Wall Street falls as investors flee risk on N. Korea concerns

Wall Street falls as investors flee risk on N. Korea concerns

The Dow Jones Industrial Average (DJIA) managed to end its three-day losing streak today, even though tensions with North Korea seem to increase by the hour.

USA producer prices unexpectedly fell in July, pointing to a further moderation in inflation that could delay a Federal Reserve interest rate increase.

Fresenius Medical Care (NASDAQ: NXTM) announced a $2 billion agreement to acquire US medical technology company, NxStage Medical, Inc.

The Standard & Poor's 500 index fell less than a point to 2,474, making up much of the ground it lost earlier.

As impressive as that is, the Dow was only up about 400 points, or 1.8%, during its recent string of records.

The Stoxx Europe 600 benchmark was down 1% (http://www.marketwatch.com/story/european-stocks-face-worst-week-in-9-months-on-us-north-korea-tensions-2017-08-11), while Hong Kong's Hang Seng led the Asian losses with a drop of 2%.

The S&P/TSX Composite Index slipped 39.02 points to close Wednesday at 15,217.33.

And back home, the Australian share market closed lower yesterday: The S&P/ASX 200 Index closed 5 points down to finish at 5,761.

Apart from geopolitical worries, some technical analysts like Tom McClellan, editor of the McClellan Market Report, blamed seasonality for this week's retreat given August's record as a weak month for stocks.

The yen tends to benefit during times of geopolitical or financial stress as Japan is the world's biggest creditor nation and there is an assumption that Japanese investors will repatriate funds should a crisis materialize. Britain's FTSE 100 sank 1.4 percent.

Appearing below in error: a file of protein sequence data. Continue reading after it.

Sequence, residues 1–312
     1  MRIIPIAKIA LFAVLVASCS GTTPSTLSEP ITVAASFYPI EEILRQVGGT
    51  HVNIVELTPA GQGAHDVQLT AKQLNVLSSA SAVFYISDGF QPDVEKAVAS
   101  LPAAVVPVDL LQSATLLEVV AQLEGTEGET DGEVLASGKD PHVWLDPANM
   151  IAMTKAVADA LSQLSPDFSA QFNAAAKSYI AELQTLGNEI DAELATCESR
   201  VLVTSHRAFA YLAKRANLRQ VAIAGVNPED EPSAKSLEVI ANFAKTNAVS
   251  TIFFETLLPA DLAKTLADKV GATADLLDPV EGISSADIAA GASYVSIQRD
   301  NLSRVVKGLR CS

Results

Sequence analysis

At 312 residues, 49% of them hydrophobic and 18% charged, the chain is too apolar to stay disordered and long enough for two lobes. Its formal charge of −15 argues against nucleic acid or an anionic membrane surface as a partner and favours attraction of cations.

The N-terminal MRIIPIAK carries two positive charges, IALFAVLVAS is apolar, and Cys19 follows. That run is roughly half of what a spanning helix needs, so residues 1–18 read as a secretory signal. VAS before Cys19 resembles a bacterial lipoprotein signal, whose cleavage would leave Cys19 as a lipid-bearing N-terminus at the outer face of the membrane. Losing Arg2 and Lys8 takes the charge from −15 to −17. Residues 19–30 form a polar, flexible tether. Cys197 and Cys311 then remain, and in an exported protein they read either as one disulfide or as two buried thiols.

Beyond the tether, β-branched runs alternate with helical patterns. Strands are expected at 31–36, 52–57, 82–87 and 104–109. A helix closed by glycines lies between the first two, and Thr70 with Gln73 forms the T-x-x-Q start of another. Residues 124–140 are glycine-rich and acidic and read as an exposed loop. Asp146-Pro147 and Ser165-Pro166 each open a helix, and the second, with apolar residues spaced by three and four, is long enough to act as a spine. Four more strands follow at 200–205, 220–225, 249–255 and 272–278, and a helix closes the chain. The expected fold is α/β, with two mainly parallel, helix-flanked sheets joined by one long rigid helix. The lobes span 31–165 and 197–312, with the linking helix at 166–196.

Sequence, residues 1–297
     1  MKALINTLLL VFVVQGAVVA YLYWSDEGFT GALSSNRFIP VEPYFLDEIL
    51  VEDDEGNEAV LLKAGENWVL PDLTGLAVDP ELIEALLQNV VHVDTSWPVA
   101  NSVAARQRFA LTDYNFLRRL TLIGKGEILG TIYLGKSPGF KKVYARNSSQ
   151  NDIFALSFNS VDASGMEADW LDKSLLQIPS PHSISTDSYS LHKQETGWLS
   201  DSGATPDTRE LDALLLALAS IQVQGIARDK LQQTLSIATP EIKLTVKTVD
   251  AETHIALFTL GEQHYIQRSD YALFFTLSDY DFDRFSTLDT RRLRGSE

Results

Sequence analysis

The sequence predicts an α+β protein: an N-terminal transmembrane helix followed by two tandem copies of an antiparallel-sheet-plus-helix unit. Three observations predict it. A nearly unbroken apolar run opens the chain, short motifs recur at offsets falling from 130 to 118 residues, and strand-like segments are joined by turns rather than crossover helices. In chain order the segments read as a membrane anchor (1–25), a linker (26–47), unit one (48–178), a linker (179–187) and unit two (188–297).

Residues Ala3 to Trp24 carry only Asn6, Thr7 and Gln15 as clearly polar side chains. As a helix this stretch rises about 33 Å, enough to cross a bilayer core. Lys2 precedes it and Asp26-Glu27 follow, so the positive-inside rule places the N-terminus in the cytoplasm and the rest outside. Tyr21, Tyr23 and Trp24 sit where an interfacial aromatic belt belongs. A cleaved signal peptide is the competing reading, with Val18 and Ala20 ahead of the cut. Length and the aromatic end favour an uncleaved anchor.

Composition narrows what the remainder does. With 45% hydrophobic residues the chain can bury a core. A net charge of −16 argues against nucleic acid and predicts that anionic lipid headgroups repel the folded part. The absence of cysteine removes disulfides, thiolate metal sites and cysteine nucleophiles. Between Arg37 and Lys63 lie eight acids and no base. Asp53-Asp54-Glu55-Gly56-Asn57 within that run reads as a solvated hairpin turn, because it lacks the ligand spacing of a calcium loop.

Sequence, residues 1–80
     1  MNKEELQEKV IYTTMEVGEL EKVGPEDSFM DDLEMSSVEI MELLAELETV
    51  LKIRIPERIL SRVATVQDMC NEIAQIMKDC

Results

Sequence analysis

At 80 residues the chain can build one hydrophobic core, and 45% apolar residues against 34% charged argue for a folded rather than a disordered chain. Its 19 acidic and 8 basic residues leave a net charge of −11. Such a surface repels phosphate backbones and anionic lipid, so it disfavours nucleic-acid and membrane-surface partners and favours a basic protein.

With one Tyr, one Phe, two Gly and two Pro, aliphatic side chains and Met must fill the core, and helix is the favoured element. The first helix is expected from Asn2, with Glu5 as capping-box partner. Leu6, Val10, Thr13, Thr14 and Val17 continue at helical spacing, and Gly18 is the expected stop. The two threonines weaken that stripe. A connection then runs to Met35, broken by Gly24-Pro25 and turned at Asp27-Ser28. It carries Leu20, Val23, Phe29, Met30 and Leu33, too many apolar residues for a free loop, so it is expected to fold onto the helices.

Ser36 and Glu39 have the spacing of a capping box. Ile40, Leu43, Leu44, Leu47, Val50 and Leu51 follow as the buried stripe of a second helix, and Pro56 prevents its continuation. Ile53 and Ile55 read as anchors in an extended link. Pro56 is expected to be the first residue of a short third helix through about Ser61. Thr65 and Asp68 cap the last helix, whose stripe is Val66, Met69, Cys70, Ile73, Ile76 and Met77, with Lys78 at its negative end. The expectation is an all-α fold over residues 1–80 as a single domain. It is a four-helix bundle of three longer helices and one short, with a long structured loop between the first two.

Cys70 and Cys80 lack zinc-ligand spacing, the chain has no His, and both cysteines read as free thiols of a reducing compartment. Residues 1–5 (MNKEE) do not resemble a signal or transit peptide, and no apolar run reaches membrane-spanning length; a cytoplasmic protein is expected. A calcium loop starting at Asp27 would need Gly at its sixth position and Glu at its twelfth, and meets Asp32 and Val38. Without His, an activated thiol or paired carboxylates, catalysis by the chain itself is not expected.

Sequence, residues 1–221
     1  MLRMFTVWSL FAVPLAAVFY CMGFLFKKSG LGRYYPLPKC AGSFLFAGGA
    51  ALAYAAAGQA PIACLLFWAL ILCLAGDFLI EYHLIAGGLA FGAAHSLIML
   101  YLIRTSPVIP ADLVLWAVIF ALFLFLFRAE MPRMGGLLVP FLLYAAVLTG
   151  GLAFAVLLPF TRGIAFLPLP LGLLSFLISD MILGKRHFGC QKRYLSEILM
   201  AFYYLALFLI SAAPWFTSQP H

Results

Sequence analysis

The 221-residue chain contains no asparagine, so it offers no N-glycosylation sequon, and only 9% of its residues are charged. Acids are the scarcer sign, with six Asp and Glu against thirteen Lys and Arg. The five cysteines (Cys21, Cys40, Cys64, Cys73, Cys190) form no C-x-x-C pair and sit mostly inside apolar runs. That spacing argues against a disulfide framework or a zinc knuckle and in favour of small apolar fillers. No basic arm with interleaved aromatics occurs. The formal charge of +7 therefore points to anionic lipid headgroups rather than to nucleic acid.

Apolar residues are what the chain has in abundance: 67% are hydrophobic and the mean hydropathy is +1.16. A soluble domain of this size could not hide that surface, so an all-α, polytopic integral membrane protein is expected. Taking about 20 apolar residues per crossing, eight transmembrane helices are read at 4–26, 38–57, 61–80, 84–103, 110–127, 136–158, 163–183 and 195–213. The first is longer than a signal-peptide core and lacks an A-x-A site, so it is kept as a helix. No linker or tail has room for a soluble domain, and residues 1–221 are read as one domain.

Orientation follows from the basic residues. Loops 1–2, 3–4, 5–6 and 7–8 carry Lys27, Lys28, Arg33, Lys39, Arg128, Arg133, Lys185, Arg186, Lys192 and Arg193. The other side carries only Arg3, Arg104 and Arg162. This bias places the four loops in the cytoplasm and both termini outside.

Subdued U.S. inflation has stirred doubts about the chances of another Fed interest rate hike this year, which have weighed on the dollar.

"If the data continues to come in on the softer side, the market might start to price the Fed staying on hold this year", said Sireen Harajli, FX strategist at Mizuho in NY.

The local index is still up 13.2 percent for the year. Against the yen, the euro last traded at 128.29 yen, down 0.2 percent.

Commodity bloc currencies are typically sensitive to swings in market mood and proved to be so against, with the Australian Dollar leading the way lower having been stung by disappointing consumer confidence data.

Gold futures prices GCZ7, +1.18% were up almost 1% to $1,273.80 per ounce.

The latest COT positioning data will be watched closely in late U.S. trading on Friday, although overall risk conditions are likely to remain the dominant short-term influence on gold prices.

The greenback also came under pressure after New York Federal Reserve President William Dudley cautioned it would "take some time" for United States inflation to reach the bank's two percent target, the latest warning price pressures remain muted.

Meanwhile on the domestic front, US initial jobless claims for the week ended July 29 exceeded consensus estimates (http://www.marketwatch.com/story/US-jobless-claims-rise-by-3000-to-244000-2017-08-10), recording 244,000 versus 240,000 expected this morning. Trump's comments came after a Washington Post report that North Korea has built a miniaturized nuclear warhead.

With Asian bourses and USA stock futures weakening early on Wednesday, the safe-haven 10-year Treasury yield was last down 3 basis points.

Related Articles